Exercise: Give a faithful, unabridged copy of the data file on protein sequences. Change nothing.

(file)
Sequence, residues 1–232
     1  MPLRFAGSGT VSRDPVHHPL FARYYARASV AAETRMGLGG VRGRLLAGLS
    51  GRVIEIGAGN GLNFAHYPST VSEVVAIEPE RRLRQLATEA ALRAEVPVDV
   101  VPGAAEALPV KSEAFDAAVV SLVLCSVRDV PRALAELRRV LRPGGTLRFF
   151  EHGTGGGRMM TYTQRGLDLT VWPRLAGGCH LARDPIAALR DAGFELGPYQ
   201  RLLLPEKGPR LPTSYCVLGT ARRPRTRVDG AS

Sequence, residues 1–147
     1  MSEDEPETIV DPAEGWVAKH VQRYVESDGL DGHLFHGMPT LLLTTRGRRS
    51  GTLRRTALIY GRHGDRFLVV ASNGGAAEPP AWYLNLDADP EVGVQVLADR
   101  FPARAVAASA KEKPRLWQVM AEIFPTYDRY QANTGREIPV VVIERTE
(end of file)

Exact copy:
Sequence, residues 1–232
     1  MPLRFAGSGT VSRDPVHHPL FARYYARASV AAETRMGLGG VRGRLLAGLS
    51  GRVIEIGAGN GLNFAHYPST VSEVVAIEPE RRLRQLATEA ALRAEVPVDV
   101  VPGAAEALPV KSEAFDAAVV SLVLCSVRDV PRALAELRRV LRPGGTLRFF
   151  EHGTGGGRMM TYTQRGLDLT VWPRLAGGCH LARDPIAALR DAGFELGPYQ
   201  RLLLPEKGPR LPTSYCVLGT ARRPRTRVDG AS

Sequence, residues 1–147
     1  MSEDEPETIV DPAEGWVAKH VQRYVESDGL DGHLFHGMPT LLLTTRGRRS
    51  GTLRRTALIY GRHGDRFLVV ASNGGAAEPP AWYLNLDADP EVGVQVLADR
   101  FPARAVAASA KEKPRLWQVM AEIFPTYDRY QANTGREIPV VVIERTE